CN: I think that’s fair. There’s certainly a rumination on (if not obsession with) Father and God, as concepts, as lived and possible realities. I wouldn’t go so far as to say that the two are conflated, but intimacy with both is sought. “Little Ochre Flame” was an important poem for me to write. As the opening section states, I had a cognitive collapse—a breakdown—what to call it? I don’t want to glorify or romanticize it; I don’t want to medicalize it; I don’t want to dismiss it—it was one of the most significant experiences of my life, and it lasted over two years. I had resigned to never returning to normal, which was terrifying. That poem was written as the world began to coalesce again, as it became possible to imagine a future. In my mind, a winter was ending. Those religious and philosophical questions you quoted—the poem doesn’t exactly try to answer them. Maybe that’s the “shrinking away” you sense. For me, at least in that poem, asking difficult questions was a way into my own lived experience and mindscape; what mattered for me at that time was to simply keep my thoughts moving. It was dangerous to dwell in one place too long. And, of course, it’s a poem, so any answers it might provide come faceted through image, like “When you approach the horizon, it will not recede, / but you will / never reach it— / and that too is a metaphor for God.”
SA: Staying with “Little Ochre Flame,” it offers a vivid first-hand account of a near-death experience—a severe car crash, and ends with conception. The trauma of almost dying (or of grieving the death of another) may be the closest we come to, what, disembodiment? It’s funny. Certain mystics advocate a figurative dying to the world before physically dying as a way toward spiritual enlightenment. Might this provide a viable compromise to the limits of embodiment? Because—and it took me a while to appreciate this—your poems actually brim with hope, they celebrate life, for all its painful love and precarity. Like Thy life’s a miracle but more, as, when the dust settles on the heels of the crisis, still you find yourself here! and now! Sure footing if ever there was?
CN: It can be sure footing, but that isn’t a given. Sometimes there is no footing: you’re sitting at your desk or you’re at the grocery or you’re lying in bed—whatever—and it’s a freefall. But more to the point: thank you for seeing the hope and celebration in these poems. I appreciate that. I think of the lines from “Childhood”: “your girlfriend wears her summer / dress and the music / is loud and you don’t care about the bruises / because this is being alive.” To celebrate being alive amid the darkness and loss—that’s a theme of these poems.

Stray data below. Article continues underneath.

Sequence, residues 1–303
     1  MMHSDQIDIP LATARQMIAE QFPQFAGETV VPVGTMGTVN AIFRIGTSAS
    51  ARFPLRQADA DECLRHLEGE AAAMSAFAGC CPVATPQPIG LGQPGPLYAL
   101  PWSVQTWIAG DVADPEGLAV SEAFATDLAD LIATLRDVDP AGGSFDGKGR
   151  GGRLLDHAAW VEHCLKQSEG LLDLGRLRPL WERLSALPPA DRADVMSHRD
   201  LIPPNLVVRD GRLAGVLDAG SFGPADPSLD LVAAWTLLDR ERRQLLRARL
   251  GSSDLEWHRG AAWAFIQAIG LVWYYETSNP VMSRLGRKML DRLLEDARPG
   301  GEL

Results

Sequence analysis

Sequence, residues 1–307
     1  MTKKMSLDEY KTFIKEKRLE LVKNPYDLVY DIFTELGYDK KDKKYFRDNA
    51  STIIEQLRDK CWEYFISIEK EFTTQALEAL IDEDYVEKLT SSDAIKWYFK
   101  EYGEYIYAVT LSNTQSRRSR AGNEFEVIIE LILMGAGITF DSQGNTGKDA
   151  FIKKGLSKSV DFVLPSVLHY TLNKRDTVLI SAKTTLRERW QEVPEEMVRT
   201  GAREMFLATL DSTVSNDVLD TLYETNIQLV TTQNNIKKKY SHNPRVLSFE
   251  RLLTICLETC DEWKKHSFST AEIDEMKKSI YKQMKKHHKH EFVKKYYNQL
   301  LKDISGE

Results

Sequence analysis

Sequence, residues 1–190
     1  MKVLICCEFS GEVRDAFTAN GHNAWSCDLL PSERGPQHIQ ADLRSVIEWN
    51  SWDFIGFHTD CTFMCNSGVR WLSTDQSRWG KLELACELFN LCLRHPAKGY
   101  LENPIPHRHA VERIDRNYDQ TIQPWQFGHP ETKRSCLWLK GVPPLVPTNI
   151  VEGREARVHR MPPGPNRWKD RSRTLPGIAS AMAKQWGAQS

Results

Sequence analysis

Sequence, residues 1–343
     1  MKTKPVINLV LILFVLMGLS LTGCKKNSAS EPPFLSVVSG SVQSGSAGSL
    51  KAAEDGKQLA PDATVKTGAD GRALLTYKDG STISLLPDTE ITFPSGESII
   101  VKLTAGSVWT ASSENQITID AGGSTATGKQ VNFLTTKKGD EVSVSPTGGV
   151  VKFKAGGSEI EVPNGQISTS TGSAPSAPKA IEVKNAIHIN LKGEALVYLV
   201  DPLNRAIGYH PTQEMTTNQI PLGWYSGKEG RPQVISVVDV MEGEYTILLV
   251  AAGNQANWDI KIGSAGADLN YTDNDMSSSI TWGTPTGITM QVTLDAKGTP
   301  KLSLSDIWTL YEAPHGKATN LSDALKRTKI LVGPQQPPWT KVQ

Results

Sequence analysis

SA: That’s not just a theme, but a prescription!
All right. Let’s end with “Dedication,” your first poem of the volume. As I did, readers might read Blood Aria as a conversion out of profane time and into a sacred procession toward a life beyond death. In this light, “Dedication” does not pronounce an evening’s retirement but a full turn away from the world. Call this renunciation. Call this the flight from cupidity. Meanwhile, it manages a retrocausal perspective, out of step with linear time, keyed to a distant future but operating on the past yet voiced from a still more distant past. Like if it’s 2022, it sounds as though you wrote it for readers in 2050, or something.
CN: The first lines of the book are “To you of the unimaginable / tomorrow, we loved as you will love.” The poem highlights the book’s themes of mortality and fugacity. I orbit childhood and my father’s death—subjective experiences that mean little to the world but everything to the individual. That’s an irony that I hope the poems don’t allow us to forget. The opening poem acknowledges many of the people I’ve lost, some close, some incidental, but all memorable for me. Some lost to suicide, some lost by way of failed love, some to disease, some to political circumstances. If the book is indeed an aria, I like to think I’m singing to both those who’ve gone on and those who’ve yet to come. It’s a ghost book in that regard.
SA: Blood Aria crystallizes nearly a decade of poetry. Has it gotten the medium out of your system? Any new media you’d like to try out, or do you have new poetic projects on the horizon, or in your system?
CN: I’ve been writing poetry for twenty-five years. I don’t think it’s possible to get it out of my system. Poetry is part of how I make sense of my experiences, my self, my hopes and fears, my world—what it is, isn’t, and what it might become. I have a book-length manuscript that draws inspiration, in part, from my experience reconstructing an old, one-acre horse pasture into prairie. The grasses and flowers are so tall—it’s been amazing to spend day after day wading through the flora pulling weeds and gathering seeds and just watching the life everywhere: every square inch is full of life. It’s inspiring, and in dark times it has given me hope—or reminded me that hope is a human thing, that outside of our minds the grand engine of nature whirls and works, and beauty and self-perpetuating life results.
I’ve also been taken by visual poetry lately—poetry that emphasizes the appearance of the text before the meaning of the words. I have an art degree as well as writing degrees; I find the visual arts endlessly interesting and attractive. About one-fifth of the poems in my new manuscript are visual poems. I hope to continue finding harmony between my traditional lyric themes and surprising, divergent visual forms.
Sherif Abdelkarim teaches literature at Grinnell College. His work has appeared in Postmedieval, New Literary History, and PMLA.